8. DO Prepare Your Child For The Work And Time Involved With scholarships Applications. Most scholarships request a school transcript, a list of activities, completion of an application, and an essay. My son found that nearly every essay needed to be tailored to the specific scholarship he was applying for, so he couldn't re-use the same essay over and over. In addition to his heavy senior year workload, and to applying to colleges, the scholarship work took up a great deal of time. It was also necessary for him to keep track of deadlines since they varied for each scholarship and spanned over several months. Also, it is important to learn ALL the requirements for scholarships so as to not waste time. These are not always spelled out and may require some questioning on your part. For example, a scholarship may only be for someone entering the nursing field, or for a football player, or for a resident of a certain area. My son spent some time applying for some scholarships only to learn later that he was not eligible for them.

9. Do Keep Your Options Open. Applying to more than one college can encourage financial aid officers to offer you more money as a way to entice you to come to their school. And believe it or not, some private schools with high price tags may end up costing you less than state schools who cannot offer much financial aid. A private college offered my son a hefty merit-based scholarship that was simply not available at a cheaper-priced state college he had been accepted to. This made the tuitions almost comparable and helped solidify his final college choice.

10. DO Pay For One Semester At A Time. We heard of a girl whose parents sank over $50,000 into a year of college, only to have her decide she hated it there. At a certain point, your money can not be refunded, and every college's policy is different. Be aware of these refund policies, just in case. Also, some colleges do offer monthly payment plans. That may also be a smart option.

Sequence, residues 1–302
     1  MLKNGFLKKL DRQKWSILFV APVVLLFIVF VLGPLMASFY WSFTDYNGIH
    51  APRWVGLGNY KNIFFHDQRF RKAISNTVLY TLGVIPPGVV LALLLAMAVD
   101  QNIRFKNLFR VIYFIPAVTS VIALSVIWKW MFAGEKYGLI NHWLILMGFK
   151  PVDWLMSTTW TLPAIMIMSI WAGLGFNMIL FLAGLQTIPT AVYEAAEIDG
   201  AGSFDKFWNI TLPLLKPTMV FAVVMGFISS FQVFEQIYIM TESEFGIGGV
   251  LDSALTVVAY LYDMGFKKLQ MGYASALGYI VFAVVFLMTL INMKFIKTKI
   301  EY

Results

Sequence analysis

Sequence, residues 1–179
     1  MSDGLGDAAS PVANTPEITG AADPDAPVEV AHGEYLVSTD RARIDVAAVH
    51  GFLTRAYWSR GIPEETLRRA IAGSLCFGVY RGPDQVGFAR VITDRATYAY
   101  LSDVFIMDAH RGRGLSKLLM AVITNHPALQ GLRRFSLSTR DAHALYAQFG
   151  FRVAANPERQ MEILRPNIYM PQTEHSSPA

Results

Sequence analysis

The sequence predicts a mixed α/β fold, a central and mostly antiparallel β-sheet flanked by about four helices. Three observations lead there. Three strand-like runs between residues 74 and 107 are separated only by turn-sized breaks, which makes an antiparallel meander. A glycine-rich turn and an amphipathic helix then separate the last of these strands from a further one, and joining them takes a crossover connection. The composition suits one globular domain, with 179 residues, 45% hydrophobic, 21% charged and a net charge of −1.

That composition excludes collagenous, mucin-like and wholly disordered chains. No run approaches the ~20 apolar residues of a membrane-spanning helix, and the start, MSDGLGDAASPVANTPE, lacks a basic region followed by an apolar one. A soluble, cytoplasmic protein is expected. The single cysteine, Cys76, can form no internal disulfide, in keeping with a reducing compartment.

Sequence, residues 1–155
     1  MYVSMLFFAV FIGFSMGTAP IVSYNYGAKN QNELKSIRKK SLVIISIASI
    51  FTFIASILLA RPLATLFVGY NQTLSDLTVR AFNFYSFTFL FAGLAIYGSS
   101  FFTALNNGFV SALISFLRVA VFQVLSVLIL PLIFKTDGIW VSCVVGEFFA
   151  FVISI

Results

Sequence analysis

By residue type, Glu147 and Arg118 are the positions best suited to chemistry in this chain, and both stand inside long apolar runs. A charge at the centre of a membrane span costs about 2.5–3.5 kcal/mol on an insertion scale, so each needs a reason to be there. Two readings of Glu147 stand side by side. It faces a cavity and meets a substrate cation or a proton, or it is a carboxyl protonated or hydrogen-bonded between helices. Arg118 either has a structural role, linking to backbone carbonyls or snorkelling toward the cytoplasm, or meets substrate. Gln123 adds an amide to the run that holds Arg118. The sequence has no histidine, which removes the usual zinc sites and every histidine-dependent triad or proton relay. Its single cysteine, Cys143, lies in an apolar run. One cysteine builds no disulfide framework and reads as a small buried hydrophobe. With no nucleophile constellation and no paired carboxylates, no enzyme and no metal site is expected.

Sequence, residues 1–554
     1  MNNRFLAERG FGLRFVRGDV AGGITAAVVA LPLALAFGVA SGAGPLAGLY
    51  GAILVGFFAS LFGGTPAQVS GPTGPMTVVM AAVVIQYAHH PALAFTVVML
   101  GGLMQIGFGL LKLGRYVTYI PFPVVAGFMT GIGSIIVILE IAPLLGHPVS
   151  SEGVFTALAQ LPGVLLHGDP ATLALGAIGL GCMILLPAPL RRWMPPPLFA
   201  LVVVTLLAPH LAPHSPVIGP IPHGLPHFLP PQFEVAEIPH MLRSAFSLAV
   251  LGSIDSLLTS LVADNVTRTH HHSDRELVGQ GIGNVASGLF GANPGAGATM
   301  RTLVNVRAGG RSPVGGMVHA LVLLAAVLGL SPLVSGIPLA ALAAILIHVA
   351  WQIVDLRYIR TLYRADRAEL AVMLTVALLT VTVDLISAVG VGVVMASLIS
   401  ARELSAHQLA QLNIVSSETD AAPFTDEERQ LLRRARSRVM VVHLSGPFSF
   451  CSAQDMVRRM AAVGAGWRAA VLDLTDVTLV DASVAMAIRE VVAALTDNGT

11. DO Be Careful When Considering Loans. This is probably the most important piece of advice. We qualified for several state grants and loans. Grants do not have to be paid back, but loans do. Consider that if your child chooses a school out of state, (like our son did) he/she will forfeit in-state grants. Also, although my son's college tried to encourage us that it was wonderful that we qualified for some much "aid", the truth was, most of it was in the form of loans. This is money that we, along with our son, would have to eventually pay back, with interest. And the interest on these loans was higher than if we had gotten a personal loan at the bank ourselves!


We feel very blessed that, with the aid of several scholarships, our son is able (so far) to be in college without a loan. If we had to consider loans, it may have changed where my son decided to go to school. Ask yourself, what is college really worth? To sink yourself (or your child) into financial ruin or to get in over your heads may not be the smart decision when it comes to an education,especially when a job may not be a guarantee upon graduation.

In order to make the wisest decision for you and your child, be proactive throughout this process. Face college costs head on, don't delay with financial aid or scholarship applications, seek out advice, and consider all options, including financial ones, while working with your child on a college choice. Hopefully this will lead you to a place you can both be happy about!

Pictures of My Son At College